Do you ever see people talking about setting goals or working towards savings targets, but struggle to connect because you’re not sure what you even want?
Particularly since lockdown, it seems that a lot of us are struggling with goal setting because we just don’t even really know what’s possible anymore, let alone what we really want. Previously we might anchor a savings goal to a holiday, or to buying a property, or to having a certain buffer before changing jobs or industries. But with so much uncertainty and so little in our calendars to work towards, how do we set goals with meaning and substance?
One word: lifestyle goals.
What are lifestyle goals?
Instead of thinking about what you want to buy, where you want to go or what you want to have, think about who you want to be.
Usually I say specificity is key for goal setting, but with lifestyle goals, it’s all about the bigger picture. It can help you set an overarching guide of the direction you want your life to go in.
Whether that’s in 6 months or 6 years, think about the type of life you’d like to lead – and try to keep it within the realistic boundaries of what’s possible for you. That doesn’t mean you can’t dream big. But if you’re picturing a barefoot life on a desert island but you hate flying and love your job in the city, it’s probably not quite the vision I’m talking about.
What I mean is, think about the type of lifestyle you’d like. Maybe that involves being able to take mini breaks every couple of months to reconnect with your partner. While you’re not saving for a specific trip to a specific place, it’ll still help you commit to a savings strategy, because having cash in the bank will help you be able to lead that life.
Maybe you want to live a life that involves being able to invest in your mental and physical health. While you’re not saving up for a specific item right now, stashing some savings each week will eventually help you be able to see a therapist regularly, or get regular massages or facials, or join a fancy gym or get a personal trainer. While it’s not happening right now, saving for a lifestyle where that’s your reality is something you can focus on.
Or maybe go even more granular than that. Maybe you just want to be the type of person who buys fresh herbs. Or the premium quality soy milk. Or organic meat. You can start with those small things, and just connect your savings attitude to the fact that every dollar is moving you closer to being that person who does those things.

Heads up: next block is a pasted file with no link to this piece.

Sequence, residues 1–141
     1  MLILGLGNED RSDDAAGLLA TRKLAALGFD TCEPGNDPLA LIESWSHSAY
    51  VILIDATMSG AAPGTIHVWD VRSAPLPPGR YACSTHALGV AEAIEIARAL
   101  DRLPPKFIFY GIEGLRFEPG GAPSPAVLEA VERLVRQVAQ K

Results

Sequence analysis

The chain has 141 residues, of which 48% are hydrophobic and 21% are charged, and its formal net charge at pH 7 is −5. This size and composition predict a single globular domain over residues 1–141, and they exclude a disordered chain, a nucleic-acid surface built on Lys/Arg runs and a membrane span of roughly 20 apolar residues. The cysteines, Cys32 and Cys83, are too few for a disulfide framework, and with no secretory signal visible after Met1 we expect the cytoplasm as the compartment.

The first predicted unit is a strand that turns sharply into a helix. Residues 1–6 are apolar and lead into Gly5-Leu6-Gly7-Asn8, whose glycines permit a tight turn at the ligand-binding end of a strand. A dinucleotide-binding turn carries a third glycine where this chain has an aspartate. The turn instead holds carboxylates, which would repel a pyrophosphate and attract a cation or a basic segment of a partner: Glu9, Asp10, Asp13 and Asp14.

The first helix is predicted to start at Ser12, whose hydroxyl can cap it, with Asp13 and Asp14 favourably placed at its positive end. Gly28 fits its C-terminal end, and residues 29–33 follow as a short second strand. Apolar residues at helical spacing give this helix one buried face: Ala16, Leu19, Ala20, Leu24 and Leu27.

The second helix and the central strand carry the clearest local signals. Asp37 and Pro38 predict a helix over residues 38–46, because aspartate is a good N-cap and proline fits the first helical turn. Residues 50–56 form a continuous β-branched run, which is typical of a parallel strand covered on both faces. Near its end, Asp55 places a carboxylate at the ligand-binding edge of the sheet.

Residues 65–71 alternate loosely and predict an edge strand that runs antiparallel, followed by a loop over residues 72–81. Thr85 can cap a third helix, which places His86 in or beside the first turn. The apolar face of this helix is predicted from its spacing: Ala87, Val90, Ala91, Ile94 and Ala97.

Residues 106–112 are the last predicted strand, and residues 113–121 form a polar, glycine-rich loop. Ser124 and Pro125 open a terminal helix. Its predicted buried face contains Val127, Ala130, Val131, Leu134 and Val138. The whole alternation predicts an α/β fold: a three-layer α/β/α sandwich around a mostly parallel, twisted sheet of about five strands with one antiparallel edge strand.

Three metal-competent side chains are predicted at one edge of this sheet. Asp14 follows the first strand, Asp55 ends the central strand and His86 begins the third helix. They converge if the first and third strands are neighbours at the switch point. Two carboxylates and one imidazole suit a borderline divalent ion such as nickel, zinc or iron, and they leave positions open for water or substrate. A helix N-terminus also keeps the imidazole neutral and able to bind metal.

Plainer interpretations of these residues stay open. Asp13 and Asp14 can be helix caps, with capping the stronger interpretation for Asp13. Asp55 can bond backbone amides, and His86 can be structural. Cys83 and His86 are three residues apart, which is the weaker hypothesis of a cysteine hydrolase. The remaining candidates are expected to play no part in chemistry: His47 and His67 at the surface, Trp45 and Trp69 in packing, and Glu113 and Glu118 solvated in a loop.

What if I don’t know what life I want to lead?
If thinking about what lifestyle you want to lead is still making you draw a blank, start with the lifestyle you don’t want. Sometimes that’s easier. Maybe lockdown has taught you things about yourself that you didn’t know before. Maybe you don’t like working in your industry or maybe you’ve realised that you actually don’t like the city that much, or that you don’t like commuting for so long and missing out on time with your kids/partner/family.
Focusing on what you don’t want out of life can help you save in the same way. When you’re making a purchase decision, consider whether it moves you towards those things you don’t want, or away from them. If you’re struggling to connect to your savings efforts, think about those things you said you didn’t want from life, and make the link in your mind that saving moves you further away from those things, and closer to something else.
The lack of control we have over our near future frees up mental capacity to think longer term – and that can be great for your savings goals. We’ve ditched instant gratification in terms of clothing for nights out or imminent travel. Instead, we can focus our efforts on the lifestyle we want, and stash our cash with the mindset of moving towards what we truly desire for ourselves.
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